Featured Artist: Elena Drozdova
Interview by: Karen Hunter McLaughlin
As one if our newer members, Elena Drozdova hasn’t had the chance to be a featured Artessa Alliance member– a series we ran a few years back. Recently Elena traveled back to Moscow to be with her mother during the current pandemic. While she was away we decided to pose some questions to learn more about her, and the thought behind her bold and powerful work.
KM. I find your work to be powerful, brave and very personal. Do you ever feel vulnerable when making your art?
ED. Since I was a child, shy and introverted, I always had a desire to express. Education in architecture at Moscow Architectural Institute planted in me an admiration for geometry, but in my life I acted not like a line, but like water. I was doing many things related to art, except for fine art. I married a man for whom geometry was his first nature. I envied him. Later, already in America, he became a successful artist. As for me, I kept looking for “my thing”.
One day my husband went on a business trip for a week. After sending children to school I spread a large piece of canvas on the wall and sat down to look at it. My painting was already there, in the blank of the canvas. I could have stared at it forever, but I had only a week, so I grabbed a Home Depot brush dipped in black acrylic and began mopping. I didn’t have white paint to mix with black, but running to the art supplies store only two blocks away from where we lived seemed too much of a sacrifice, so I used white gesso instead. That night, when children went to bed, I was back in the studio.
The paintings I produced that week were large, bold and mad. I admired them. Yet, when shared with audiences, they felt too personal, naked, and poignant. If that was my honest expression, maybe I should consider stopping? But I convinced myself that one day I may get used to it. I am not going to lie to you that I was unshakable. For years after that week I was fluctuating between faking “normalcy,” and locking myself in the CAVE_My_ArtStudio. Normalcy felt false; the darkness of my art felt wrong, and I never was able to fully embody either version of me. To this very day and hour I haven’t known what it was that I was proving, but NOW I do. I am looking for the true expression of who I am. In art it is not less difficult than in any other life situation, since every event determines the future one. But if in a regular life situation we have an option to forget what we don’t want to remember, in painting we leave behind a trace. In painting we may revisit it as many times as we want to to work on expression till we feel that’s it’s right. My paintings are the documents of my struggle to become. They are my courage, my beauty, and my uniqueness. They are the traces of my inner life, and my attention to who I am — my mirror. And now I am totally up to the challenge to show my true face to the public the way it is forming day after day as I keep showing up in the studio.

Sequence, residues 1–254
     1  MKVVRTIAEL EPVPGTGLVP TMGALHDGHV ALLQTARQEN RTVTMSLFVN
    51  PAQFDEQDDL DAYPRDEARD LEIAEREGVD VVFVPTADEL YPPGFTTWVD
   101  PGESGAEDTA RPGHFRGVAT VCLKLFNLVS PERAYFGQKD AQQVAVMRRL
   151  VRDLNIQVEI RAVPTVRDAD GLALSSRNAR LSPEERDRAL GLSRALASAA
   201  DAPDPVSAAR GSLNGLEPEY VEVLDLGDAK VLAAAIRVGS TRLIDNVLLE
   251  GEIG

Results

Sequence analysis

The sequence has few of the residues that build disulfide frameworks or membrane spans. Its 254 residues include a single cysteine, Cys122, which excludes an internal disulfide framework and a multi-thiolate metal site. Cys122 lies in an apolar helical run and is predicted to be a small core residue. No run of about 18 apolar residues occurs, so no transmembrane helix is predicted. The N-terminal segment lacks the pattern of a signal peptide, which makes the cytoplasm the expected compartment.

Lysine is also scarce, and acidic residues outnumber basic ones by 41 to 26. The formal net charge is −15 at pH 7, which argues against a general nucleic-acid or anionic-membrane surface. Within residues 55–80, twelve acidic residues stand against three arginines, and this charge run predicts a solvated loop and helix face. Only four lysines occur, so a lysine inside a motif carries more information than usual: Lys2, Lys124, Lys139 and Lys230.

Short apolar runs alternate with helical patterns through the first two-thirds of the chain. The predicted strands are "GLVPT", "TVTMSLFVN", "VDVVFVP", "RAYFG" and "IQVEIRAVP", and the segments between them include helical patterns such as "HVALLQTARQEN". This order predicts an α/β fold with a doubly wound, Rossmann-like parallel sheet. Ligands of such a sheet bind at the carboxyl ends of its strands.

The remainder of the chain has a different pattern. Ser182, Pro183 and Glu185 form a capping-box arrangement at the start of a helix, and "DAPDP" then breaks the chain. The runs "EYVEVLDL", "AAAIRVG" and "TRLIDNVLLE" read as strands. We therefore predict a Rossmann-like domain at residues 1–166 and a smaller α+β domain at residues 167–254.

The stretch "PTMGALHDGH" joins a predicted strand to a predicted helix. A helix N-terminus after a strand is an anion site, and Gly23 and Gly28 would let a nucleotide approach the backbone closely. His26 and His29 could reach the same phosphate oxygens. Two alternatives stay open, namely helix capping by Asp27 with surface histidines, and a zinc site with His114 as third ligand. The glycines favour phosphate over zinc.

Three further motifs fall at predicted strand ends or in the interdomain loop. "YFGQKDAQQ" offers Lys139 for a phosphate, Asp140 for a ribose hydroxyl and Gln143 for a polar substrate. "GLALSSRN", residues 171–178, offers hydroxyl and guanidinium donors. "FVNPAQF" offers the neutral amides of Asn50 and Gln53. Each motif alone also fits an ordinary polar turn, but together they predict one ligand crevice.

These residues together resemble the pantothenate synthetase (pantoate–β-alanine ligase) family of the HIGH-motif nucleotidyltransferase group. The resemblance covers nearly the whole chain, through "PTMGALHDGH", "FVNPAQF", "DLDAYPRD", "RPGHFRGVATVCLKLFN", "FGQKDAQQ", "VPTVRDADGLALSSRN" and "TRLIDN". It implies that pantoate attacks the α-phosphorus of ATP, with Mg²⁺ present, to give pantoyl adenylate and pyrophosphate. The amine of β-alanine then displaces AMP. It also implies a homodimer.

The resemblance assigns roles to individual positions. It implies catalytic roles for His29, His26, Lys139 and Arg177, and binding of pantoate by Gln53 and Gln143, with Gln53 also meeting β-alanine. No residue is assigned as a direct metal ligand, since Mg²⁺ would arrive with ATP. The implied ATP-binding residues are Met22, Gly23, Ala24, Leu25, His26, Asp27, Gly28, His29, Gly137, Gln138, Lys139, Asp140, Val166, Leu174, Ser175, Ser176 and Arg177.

KM: You are a prolific art maker. Is it necessary for you to make art daily?
ED: You have observed me only for the past three years or so, since I have the privilege of being a member of the Artessa group. I joined it at the time when I already enjoyed a much greater freedom than most women who juggle through raising kids, working full time, and doing lots of other necessary things. It is true that recently I have been working intensely in my studio. Being there with the brush in my hand and earphones in my ears feels good. My art perplexes me. The only thing I know is that I am attracted to art in general and drawn to making it. Since I made a contract with myself a long time ago not to question, I renew it every morning when I wake up. I am most honest with myself when I accept that I don’t know why I do what I do. In the process of painting, it is absolutely necessary for me to get completely lost at the beginning. It creates the feel of despair in the body to the point of trembling. I feel excited and completely on my own. The only one who can help me is myself. Somehow the danger becomes real even in the safety of my studio. After all, my integrity as an artist is at stake. There are many things that I can and want to do in this world. I noticed that they are mostly connected to spirituality, like yoga, or PSYCH-K®️. Art is the first of the spiritual practices in my life that I got involved with, and I intuitively learned that, as such, it must be practiced regularly.